Alongside this serious or disabling constraint, opportunities for agreement do exist. The States of the sub-region recognize that insecurity concerns all ECOWAS member countries and Chad, whose soldiers have been present in Mali since 2013, with the deployment of the French operation Serval. They consider this issue as a priority, because without security there is no development. This is how Niger, for example, devotes up to 17% of its budgetary resources to security, against 10% planned, since 2011. Thus, so much less for the basic social sectors. The will to pool together their human resources – human, armaments logistics and financial – to face the terrorist hydra, is easy to demonstrate among the West African leaders.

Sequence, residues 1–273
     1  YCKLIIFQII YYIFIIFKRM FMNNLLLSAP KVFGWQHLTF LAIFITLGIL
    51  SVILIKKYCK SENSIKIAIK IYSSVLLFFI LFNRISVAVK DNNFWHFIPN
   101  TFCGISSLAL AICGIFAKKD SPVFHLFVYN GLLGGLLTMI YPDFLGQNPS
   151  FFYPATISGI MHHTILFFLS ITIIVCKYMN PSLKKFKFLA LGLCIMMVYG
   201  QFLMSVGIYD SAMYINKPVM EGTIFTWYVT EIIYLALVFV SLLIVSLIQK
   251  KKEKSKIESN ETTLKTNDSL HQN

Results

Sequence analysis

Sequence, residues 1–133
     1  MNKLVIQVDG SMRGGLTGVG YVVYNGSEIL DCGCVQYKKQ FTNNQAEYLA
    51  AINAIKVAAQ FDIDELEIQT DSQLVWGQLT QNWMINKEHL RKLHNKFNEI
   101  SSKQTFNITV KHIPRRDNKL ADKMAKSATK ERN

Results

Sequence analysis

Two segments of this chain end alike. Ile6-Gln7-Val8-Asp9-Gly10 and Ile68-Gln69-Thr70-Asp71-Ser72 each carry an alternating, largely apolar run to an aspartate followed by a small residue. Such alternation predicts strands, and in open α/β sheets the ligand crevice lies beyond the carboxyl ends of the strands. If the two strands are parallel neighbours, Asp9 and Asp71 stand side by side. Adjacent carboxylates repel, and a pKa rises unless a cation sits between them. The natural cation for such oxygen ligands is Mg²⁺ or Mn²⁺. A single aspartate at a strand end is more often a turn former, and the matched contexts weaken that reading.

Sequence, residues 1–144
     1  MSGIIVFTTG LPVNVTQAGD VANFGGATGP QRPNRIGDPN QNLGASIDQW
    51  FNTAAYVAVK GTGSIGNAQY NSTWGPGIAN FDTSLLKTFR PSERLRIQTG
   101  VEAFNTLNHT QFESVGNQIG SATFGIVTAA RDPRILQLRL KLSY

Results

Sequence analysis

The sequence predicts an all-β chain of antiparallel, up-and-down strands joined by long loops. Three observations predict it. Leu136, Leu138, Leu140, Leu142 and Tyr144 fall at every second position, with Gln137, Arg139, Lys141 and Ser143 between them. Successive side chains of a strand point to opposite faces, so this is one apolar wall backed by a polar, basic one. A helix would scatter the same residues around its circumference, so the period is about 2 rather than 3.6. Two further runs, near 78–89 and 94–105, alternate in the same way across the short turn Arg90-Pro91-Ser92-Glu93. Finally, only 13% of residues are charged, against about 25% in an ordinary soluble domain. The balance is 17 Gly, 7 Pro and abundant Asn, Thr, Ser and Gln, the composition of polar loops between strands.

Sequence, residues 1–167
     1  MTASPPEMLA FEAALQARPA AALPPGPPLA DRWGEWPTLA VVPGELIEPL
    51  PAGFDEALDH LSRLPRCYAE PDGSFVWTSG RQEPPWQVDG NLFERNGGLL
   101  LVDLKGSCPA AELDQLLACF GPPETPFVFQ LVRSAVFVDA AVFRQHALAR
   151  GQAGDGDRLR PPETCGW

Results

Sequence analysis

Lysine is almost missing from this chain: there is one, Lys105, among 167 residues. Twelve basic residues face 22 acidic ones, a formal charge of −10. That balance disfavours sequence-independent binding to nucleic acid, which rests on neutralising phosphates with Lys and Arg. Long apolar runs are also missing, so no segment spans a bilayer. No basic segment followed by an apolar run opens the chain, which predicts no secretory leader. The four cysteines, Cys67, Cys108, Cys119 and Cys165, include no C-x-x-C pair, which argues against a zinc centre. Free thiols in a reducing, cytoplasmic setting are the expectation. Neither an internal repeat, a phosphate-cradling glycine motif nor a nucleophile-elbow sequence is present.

The Senegalese army is strengthening its presence in the east of the country, near the Malian border, anticipating the jihadist threat, by building two military camps in Koungheul, in the Kaffrine region, and in Goudiry, in Tambacounda. The first, located 618 kilometers east of Dakar was inaugurated on December 27, 2022 by the President Macky Sall. That is one way to help Mali contain terrorists, by protecting oneself. In 2021, a United Nations report alerted Senegal to the possible presence of GSIM elements in Kaffrine, precisely. For its part, Ivory Coast has undertaken to strengthen its fight against terrorism. In August 2021, President Alassane Dramane Ouattara, strongly encouraged by France, created, by a decree not made public, the Anti-Terrorist Operational Intelligence Center (CROAT), placed under the dual supervision of the Presidency of the Republic, to which both the National Security Council (CNS) and the Ministry of Defense already report. The Center comprises five departments, which range from intelligence collection and analysis, to technological support, international cooperation and operations. These extend possibly to actions outside Ivorian territory.